Hillary Clinton is the first female presidential nominee from a major political party
She faces Donald Trump in an election where voters are already split along gender lines
Clinton has struggled to win support of young women in her primary campaign
Ninety-six years after women won the right to vote, a woman stands a chance of winning the White House.
Hillary Clinton – former first lady, former U.S. senator, and former secretary of state – has become the first woman to capture a major-party nomination for president, taking another step in a journey that once seemed impossible, but over the last eight years has seemed inevitable.
Clinton, now the presumptive Democratic nominee, faces a general election race against Republican Donald Trump that will be seen as a referendum on women in politics, gendered stereotypes about power, and women as a voting bloc. Polls show dramatic splits based on gender, with men going for Trump and women favoring Clinton – even as Clinton has struggled with winning over young female voters in her primary run against Bernie Sanders.
“I know we have never done this before. We’ve never have had a woman president,” she said Saturday night in Fresno, California. “That is why I want you to understand, that I have spent eight years in the Senate on the Armed Services Committee, four years as secretary of state. I have spent a lot of hours in the Situation Room working to solve some of the hardest problems we face. And I know how hard this job is and how much humility you need to have and how you should actually listen to people who have good ideas.”
On Tuesday, after victories in California and New Jersey, she was embracing the historic nature of her accomplishment.
“This campaign is about making sure there are no ceilings, no limits on any of us and this is our moment to come together,” she said in a nod to her 2008 concession speech, in which she said that campaign had put cracks in the “highest, hardest glass ceiling.”
Female firsts in politics
Clinton’s close primary loss to Barack Obama in 2008 was itself historic, setting up the nomination of Sarah Palin as a running mate on the Republican side, and the sense that a woman in the White House was an eventuality.
Eight years later, Clinton has a shot at making that sense a reality.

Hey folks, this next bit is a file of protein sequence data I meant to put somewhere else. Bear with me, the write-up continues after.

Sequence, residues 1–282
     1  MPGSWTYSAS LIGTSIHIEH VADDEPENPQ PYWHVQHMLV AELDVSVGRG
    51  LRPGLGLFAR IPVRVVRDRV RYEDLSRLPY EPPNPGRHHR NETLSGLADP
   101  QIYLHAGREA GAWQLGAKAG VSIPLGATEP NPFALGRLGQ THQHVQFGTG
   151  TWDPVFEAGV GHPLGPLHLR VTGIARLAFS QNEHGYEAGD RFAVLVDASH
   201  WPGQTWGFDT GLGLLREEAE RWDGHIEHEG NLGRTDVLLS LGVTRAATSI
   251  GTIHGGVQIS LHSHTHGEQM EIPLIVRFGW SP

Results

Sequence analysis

“This is the most historic moment for women in politics that we’ve seen in contemporary times,”said Jennifer Lawless, co-author of “Women on the Run” and director of the Women & Politics Institute at American University. “If you look back to the ’18 million cracks’ speech, that seemed monumental and that was a loss. Symbolically it’s a big deal, and substantively, it means that the country is willing to move forward with a female president.”
In 1969, when Clinton graduated from Wellesley College, just 53% of the public said they would back a well-qualified woman for president, according to a Gallup poll. Now, for many – including young women – it is nearly unremarkable that a woman could lead the free world, a shift that Clinton noted in 2008 and linked to her historic first run.
“You can be so proud, that from now on, it will be unremarkable for a woman to win primary state victories, unremarkable to have a woman in a close race to be our nominee,” she said eight years ago to her supporters when she conceded to Obama. “Unremarkable to think that a woman can be the president of the United States. And that is truly remarkable, my friends.”
While she largely played down her gender in her first run, she has often wrapped her second presidential campaign in specific appeals to women, arguing that being a woman in the White House would be the ultimate outsider credential.
“I can’t think of anything more of an outsider than electing the first woman president, but I’m not just running because I would be the first woman president,” she said at an October debate moderated by CNN’s Anderson Cooper. “I’m running because I have a lifetime of experience in getting results and fighting for people, fighting for kids, for women, for families, fighting to even the odds. ”